Do you really wanna force that on people?

Yes?

Then let’s read on.

Why is it sometimes so hard to explain, persuade or convince people about bitcoin?

Here’s a harsh truth. It’s because you’re the counterparty risk.

When your car breaks down, you go to a mechanic, you seek expert knowledge. He tells you what’s wrong and you generally accept it. Why? Because unless you’re an expert on cars, you don’t have pre-existing knowledge about this specific situation. Nature abhors a vacuum. The mechanic’s knowledge and expertise fills up that vacuum of knowledge.

Why is it different with bitcoin, then?

Because most people believe they already understand money. There’s no vacuum for their knowledge to fill. Like a person going to a doctor thinking he knows better because he’s the one with the body, a nocoiner believes they know better because, see? They have been handling and making money all their lives! Who are you to claim things aren’t how they used to think they are?

Yes, sure. You’re the one with the female body, you’re the one with the wallet. But have you actually taken the time to study it? Have you invested the necessary six years in medical school or the 100 hours it takes to grasp bitcoin?

No.

But they don’t accept that. When you make statements about bitcoin, it collides with their pre-existing frame of reference. When that happens, their mind reflexively casts doubts on the new information, actively fights it and rejects it, because it doesn’t conform to what they know. Their mind is the bearer asset, you are the counterparty risk.

Okay, great. How do you overcome this, then?

By taking the time with them. You can’t force someone to get orange-pilled, it’s not shoving knowledge down their throats. They have to do it themselves, so you start small. Plant a seed. Make them question what they know. That tiny seed, just like in Inception, will grow and push aside the other propaganda in their minds, leaving some space for new information to fill the void.

“Why did they stop having money backed by gold?”

That’s one seed.

“Who prints all these new billions?”

Another. Take your pick, it depends on the person you’re talking to.

A good question makes the nocoiner access their accepted knowledge. They usually think they have the answer and you should listen to it, not shutting it down. Ask them to research it further, to back their claims, to look things up. If they don’t have the knowledge, a new vacuum is created and their curiosity will want to fill it up.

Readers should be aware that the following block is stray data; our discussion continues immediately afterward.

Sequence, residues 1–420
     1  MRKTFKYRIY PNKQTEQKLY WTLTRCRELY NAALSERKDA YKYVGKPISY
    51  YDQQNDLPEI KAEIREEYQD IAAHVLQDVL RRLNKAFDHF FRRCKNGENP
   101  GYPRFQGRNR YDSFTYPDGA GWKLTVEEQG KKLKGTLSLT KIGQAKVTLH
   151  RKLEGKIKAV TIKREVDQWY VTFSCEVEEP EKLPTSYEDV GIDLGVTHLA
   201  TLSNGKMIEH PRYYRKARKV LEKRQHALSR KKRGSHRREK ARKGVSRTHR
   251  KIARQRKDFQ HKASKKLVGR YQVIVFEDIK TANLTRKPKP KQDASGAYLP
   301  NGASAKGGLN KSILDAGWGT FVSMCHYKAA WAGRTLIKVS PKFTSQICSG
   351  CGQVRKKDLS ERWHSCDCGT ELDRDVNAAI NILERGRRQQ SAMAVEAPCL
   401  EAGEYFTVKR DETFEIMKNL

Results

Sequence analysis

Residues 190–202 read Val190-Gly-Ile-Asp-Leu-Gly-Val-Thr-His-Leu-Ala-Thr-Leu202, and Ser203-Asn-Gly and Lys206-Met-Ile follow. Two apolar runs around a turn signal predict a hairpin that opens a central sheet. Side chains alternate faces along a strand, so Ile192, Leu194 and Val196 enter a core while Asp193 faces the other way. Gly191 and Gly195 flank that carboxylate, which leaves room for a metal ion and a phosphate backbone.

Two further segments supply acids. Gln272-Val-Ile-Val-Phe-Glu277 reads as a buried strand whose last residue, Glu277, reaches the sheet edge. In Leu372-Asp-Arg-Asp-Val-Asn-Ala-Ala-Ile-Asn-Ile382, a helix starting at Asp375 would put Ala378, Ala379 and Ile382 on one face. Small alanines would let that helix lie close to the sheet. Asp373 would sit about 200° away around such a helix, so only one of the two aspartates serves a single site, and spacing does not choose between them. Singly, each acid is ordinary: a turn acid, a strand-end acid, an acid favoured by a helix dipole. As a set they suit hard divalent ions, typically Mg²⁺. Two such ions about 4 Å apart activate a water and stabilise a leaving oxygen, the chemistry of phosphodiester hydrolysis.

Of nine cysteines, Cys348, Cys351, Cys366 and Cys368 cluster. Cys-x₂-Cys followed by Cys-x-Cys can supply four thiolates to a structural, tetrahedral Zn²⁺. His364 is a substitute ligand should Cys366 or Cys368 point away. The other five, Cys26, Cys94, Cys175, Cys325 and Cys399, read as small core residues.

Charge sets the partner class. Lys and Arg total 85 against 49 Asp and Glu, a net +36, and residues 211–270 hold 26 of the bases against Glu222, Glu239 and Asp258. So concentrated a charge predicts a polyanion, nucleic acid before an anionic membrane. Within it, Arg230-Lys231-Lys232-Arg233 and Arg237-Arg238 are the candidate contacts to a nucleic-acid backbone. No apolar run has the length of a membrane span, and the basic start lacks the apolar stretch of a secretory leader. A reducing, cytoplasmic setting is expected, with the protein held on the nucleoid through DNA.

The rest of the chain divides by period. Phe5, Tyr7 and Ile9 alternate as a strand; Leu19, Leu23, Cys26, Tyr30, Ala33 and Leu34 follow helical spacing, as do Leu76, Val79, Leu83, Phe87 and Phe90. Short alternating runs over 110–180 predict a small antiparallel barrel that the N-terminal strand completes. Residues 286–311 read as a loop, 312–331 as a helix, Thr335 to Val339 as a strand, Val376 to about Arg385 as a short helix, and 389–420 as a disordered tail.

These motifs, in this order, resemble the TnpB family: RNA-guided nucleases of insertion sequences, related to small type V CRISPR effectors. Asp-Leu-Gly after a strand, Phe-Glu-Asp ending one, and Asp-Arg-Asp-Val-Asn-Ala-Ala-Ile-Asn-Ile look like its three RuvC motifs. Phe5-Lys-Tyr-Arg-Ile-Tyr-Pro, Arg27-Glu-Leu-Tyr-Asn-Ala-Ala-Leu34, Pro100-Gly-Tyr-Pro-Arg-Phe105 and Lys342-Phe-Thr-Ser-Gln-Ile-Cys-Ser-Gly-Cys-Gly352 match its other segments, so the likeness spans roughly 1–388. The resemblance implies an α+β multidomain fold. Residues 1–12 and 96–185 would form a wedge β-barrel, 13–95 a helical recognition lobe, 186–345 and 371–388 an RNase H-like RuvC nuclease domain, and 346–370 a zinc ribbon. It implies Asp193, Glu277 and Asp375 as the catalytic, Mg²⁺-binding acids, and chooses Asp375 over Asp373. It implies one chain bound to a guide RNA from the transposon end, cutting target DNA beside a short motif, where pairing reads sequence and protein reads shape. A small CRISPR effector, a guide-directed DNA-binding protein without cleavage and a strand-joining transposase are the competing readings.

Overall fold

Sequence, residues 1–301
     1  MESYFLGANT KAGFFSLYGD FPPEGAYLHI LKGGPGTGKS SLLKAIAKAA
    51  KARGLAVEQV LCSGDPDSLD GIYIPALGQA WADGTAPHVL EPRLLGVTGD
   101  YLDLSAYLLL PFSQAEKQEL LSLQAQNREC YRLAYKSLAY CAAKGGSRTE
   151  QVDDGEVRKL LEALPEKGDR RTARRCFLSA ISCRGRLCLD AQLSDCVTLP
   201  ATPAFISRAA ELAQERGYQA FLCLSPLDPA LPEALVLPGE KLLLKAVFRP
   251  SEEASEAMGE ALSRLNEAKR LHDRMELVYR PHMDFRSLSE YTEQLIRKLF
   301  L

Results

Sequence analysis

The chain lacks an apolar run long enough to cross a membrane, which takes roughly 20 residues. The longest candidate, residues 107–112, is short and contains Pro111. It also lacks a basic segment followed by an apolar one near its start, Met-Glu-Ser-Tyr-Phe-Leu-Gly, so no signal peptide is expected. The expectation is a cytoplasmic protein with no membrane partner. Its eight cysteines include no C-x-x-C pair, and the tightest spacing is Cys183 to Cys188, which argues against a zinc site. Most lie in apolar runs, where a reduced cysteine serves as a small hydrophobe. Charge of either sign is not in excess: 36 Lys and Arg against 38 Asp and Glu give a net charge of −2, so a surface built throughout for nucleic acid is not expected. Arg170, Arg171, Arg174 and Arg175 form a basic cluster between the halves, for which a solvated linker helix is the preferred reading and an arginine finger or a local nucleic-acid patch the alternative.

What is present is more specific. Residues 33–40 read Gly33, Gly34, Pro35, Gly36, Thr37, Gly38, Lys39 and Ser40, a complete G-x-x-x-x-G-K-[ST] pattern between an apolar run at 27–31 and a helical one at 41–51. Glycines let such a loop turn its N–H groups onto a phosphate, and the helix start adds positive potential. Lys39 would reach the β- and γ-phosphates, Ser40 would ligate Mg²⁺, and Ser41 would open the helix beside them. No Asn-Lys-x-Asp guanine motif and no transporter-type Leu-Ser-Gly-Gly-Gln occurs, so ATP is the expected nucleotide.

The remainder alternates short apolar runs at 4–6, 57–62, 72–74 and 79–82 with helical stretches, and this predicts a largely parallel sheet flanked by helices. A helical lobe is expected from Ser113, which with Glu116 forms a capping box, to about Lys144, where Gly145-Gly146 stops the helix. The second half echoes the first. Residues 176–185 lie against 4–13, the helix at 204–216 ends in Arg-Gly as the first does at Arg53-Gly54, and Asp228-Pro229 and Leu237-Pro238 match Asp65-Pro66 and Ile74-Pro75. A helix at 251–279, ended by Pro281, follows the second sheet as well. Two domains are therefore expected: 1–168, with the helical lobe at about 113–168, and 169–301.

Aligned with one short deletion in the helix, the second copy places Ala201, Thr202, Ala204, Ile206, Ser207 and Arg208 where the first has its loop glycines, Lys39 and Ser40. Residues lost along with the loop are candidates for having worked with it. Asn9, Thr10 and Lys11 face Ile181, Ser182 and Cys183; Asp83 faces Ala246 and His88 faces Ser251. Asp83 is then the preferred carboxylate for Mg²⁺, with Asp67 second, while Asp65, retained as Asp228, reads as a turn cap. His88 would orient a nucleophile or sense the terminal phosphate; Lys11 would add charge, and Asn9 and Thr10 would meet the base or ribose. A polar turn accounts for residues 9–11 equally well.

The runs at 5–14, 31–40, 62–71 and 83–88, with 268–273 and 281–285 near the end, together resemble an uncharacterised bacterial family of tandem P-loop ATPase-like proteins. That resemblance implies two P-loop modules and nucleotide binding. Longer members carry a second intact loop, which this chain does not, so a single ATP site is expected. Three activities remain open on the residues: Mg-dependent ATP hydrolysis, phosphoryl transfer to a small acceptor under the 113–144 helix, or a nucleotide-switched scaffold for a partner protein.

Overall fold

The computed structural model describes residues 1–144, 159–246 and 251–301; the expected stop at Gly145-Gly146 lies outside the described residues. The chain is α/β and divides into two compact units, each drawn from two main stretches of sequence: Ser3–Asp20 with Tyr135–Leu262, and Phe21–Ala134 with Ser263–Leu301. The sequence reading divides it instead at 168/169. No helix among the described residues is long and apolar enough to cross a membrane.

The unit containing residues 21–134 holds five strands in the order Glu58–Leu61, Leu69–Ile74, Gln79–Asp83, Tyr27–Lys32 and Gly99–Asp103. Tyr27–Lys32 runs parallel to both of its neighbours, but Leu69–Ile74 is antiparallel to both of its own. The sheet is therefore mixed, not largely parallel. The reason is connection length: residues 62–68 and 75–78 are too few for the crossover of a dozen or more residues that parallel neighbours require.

Nocoiner: Bitcoin isn’t backed by anything.

You: Okay. Then what would make good money in its place?

Make them talk by asking questions. As they talk, they’ll realise they have massive gaps in their knowledge. You can help them then, but they themselves have to fill up those gaps by asking more questions and getting them to talk more. Why? Because if someone tells something to themselves they will believe it much easier than having you say it to them. Try and lead them to conclusion, a revelation.

When persuading someone, the person talking the most is the one really getting persuaded. Why? Because when you talk you engrave those words into your brain as facts.

Nocoiner: Bitcoin wastes too much energy.

You: How do you determine how much is too much energy to use?

You will never change their minds, they have to change it themselves. You can only help show them the way, they’re the ones that have to do it. Questions are the key to that process.

Tell them less, ask more.

What questions make people curious about bitcoin?

You never know, it depends on what ails the person. Think about their pain. If they’re living in Turkey or Argentina, for example, their pain is massive inflation. You might say, “You’re already using USD to protect your monetary value against inflation, right? How about adding BTC to the mix?”

People in those countries generally grasp this concept a lot quicker. The local lira is the crap kind of money, they spend it often. The USD is the good kind of money, they save it, spending it only when absolutely necessary. And gold is the best kind, keeping it hidden in safes and mattresses. Only to be spent in an emergency. They don’t have the financial privilege to insulate them from the need for bitcoin, they already get these layers of hardness in their money, so bitcoin is a lot easier for them.

“What is money?” is another good question. Most people will answer it, and of course it will be flawed and all over the place. Then you might say, “It’s the promise of future value,” and then discuss how bitcoin has a monetary policy that’s planned out for the next 120 years and how nodes and miners facilitate that design. And especially point out how hard it is to change.

“What happened in 1971?” That’s a good one. Get them to look up the fiat monetary system and figure out how it’s not backed by anything. Get them angry at the Keynesian economists, how they’ve ruined entire countries. 2008 money crisis? Inevitable, under the fiat standard. Forget about bitcoin, point your finger towards the rot. It’s all historical fact, they can’t call you a conspiracy theorist. Most people still think that money is backed by gold. Get them to tell it to other people, see their reactions.